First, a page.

Everyone has experience toothaches or gum pain in their life. Most of the time, these pains are short-lived and non-threatening to your overall dental health. Practicing good dental hygiene will prevent most of these pains and aches. Brushing your teeth twice a day, flossing regularly and keeping your dental visits are great ways to avoid larger issues. However, sometimes pain in the teeth or gums can be indications or warning signs that a bigger problem is brewing.
Here is some information on how to gauge when pain may mean it is time for a visit to the dentist:
Gum Pain and Bleeding
Healthy gums are pink, firm, do not bleed easily, and are not tender to the touch. Occasionally your gums may bleed if you brush your teeth and gums too hard, use a hard-bristled toothbrush, or snap dental floss hard against your gums. If you are experiencing pain in your gums, some causes could be:
Gingivitis – Gingivitis is a gum disease that causes red, swollen gums that bleed easily when brushed. Because gingivitis usually doesn’t cause pain, many people delay treatment. If not treated, gum disease can cause more serious problems with the gum tissue.
Periodontitis – Periodontitis is severe gum disease and is caused by long-term infection of the gums, bone, and other tissues that surround and support the teeth. It can progress until the bones that support the teeth are damaged. In this late stage, teeth may become loose and fall out or need to be removed. Early treatment of gum disease is important to prevent the loss of teeth.
If you experience pain in your teeth when you touch a tooth or when you eat or drink, it is important to see a dentist. Moderate to severe sensitivity can mean a tooth has cracked, a dental cavity is present, or a filling has been lost. The most common cause of a toothache is tooth decay although a toothache may not be present in the early stages of decay. Other reasons for a toothache might include:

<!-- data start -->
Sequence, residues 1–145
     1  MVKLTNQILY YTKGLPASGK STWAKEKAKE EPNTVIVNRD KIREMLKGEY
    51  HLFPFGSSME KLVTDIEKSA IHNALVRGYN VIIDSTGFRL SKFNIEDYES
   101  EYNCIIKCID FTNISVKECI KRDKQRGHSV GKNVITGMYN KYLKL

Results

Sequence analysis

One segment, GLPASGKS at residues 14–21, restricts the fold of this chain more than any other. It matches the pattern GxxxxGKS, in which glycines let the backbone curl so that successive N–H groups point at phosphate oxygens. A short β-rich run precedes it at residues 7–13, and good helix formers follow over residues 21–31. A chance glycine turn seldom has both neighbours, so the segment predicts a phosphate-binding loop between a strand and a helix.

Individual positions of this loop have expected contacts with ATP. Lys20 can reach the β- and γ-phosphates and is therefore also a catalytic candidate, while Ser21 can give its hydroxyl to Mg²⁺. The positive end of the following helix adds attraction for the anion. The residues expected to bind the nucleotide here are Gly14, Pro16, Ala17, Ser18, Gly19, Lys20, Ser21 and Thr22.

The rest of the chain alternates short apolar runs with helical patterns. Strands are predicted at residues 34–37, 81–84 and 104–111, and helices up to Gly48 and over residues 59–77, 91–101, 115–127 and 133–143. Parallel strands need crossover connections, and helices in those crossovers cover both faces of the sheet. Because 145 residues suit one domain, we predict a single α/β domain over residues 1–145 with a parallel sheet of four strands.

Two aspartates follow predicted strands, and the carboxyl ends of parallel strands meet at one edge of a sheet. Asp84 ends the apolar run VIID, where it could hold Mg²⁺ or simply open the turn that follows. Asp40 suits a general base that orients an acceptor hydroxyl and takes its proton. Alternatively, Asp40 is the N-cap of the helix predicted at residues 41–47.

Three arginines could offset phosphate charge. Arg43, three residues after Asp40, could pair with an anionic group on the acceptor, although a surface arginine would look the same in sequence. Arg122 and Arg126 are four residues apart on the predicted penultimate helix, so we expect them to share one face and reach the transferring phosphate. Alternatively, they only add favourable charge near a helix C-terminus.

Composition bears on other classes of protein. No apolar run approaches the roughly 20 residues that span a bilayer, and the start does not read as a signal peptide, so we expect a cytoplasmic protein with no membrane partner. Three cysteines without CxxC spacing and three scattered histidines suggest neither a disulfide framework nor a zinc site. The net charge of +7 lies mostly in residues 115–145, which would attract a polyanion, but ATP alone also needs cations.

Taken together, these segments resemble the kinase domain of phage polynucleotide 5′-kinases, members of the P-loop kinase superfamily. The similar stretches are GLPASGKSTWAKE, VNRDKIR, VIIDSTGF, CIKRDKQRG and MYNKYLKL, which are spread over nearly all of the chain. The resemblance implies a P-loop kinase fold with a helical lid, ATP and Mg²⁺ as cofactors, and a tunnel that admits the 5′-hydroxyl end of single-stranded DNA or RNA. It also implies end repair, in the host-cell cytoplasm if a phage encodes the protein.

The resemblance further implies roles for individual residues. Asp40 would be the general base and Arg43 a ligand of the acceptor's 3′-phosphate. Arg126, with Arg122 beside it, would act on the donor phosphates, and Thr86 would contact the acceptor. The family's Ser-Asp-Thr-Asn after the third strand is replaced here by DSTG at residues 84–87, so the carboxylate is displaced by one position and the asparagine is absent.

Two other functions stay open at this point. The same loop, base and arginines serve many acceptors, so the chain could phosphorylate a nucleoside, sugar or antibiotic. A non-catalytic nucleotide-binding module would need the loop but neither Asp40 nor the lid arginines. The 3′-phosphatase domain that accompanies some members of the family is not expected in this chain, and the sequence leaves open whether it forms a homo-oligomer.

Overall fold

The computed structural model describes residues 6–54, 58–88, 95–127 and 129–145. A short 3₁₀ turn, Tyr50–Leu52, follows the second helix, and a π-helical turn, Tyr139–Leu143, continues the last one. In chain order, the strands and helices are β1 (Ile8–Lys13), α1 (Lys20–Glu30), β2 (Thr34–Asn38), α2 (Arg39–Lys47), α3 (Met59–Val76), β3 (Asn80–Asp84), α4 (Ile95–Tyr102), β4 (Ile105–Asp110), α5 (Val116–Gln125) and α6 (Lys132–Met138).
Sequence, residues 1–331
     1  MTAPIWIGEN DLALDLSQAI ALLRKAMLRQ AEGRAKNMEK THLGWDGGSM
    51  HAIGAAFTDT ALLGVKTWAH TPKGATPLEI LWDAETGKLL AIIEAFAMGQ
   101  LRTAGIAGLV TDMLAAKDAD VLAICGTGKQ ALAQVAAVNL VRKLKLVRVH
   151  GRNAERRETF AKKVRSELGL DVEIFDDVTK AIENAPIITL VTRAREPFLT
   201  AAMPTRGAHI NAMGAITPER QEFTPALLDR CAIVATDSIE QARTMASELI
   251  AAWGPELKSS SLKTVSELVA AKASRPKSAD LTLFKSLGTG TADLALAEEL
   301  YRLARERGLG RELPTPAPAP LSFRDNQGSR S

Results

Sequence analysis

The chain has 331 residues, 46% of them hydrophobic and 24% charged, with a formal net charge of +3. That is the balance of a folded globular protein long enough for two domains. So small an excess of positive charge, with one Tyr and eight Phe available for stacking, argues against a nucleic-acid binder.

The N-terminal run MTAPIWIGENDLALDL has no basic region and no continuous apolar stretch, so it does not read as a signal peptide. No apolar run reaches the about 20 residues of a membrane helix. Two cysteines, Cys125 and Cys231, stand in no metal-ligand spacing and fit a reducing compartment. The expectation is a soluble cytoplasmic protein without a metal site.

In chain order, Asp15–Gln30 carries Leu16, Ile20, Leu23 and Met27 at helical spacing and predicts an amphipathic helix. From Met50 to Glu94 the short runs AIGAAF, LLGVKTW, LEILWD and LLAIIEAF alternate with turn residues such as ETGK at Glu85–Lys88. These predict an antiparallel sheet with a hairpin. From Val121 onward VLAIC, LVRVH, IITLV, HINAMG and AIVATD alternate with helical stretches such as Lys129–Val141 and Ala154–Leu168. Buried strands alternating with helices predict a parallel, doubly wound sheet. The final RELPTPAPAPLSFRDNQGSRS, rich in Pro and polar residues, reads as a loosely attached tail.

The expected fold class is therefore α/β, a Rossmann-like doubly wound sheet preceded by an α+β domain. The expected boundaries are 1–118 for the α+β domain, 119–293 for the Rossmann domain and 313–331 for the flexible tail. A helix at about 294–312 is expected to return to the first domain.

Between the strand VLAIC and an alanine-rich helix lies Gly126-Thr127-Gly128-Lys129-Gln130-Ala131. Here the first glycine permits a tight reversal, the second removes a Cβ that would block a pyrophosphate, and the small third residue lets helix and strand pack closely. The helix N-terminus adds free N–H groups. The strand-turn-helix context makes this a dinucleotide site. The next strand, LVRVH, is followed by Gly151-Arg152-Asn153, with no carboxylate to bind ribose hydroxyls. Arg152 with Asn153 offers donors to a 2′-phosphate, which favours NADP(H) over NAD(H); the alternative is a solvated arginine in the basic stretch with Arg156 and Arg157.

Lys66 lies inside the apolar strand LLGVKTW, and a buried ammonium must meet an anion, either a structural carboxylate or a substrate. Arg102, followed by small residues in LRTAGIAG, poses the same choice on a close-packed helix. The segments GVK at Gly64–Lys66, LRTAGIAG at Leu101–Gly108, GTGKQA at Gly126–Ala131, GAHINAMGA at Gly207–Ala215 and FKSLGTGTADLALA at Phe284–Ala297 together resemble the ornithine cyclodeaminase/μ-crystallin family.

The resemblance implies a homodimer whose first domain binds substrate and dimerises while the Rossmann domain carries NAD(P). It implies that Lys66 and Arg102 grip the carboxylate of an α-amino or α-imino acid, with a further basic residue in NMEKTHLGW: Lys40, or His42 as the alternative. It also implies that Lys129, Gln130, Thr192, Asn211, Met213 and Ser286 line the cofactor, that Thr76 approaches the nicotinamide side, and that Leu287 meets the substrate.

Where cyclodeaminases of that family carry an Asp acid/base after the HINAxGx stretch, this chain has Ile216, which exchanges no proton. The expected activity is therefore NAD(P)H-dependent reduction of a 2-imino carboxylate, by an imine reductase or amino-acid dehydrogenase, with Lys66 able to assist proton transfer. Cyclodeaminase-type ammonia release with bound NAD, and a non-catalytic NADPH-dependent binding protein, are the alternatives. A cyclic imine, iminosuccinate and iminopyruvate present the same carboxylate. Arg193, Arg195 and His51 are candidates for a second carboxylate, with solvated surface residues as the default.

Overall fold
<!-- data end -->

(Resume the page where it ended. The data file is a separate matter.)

Infection – An infection of or around the tooth can present as a red, swollen, painful bump that may be found near or on the side of the sore tooth. The tooth may especially hurt when you bite down.
A broken tooth – A tooth that has not broken through the gum (impacted tooth). Gums may be red, swollen, and sore. The area around this tooth can ache, throb, and be quite painful.
Nerve Problems – Problems with or injury to the nerves in the center of the tooth (pulp), which can be caused by an injury to the face or from grinding or gnashing the teeth.
Teeth and gum pain can most often be easily preventable with proper dental hygiene and regular dental visits for check-ups and cleanings. However, if you are experiencing moderate to severe tooth or gum pain, seek the attention of a dental professional as soon as possible, to avoid larger dental issues.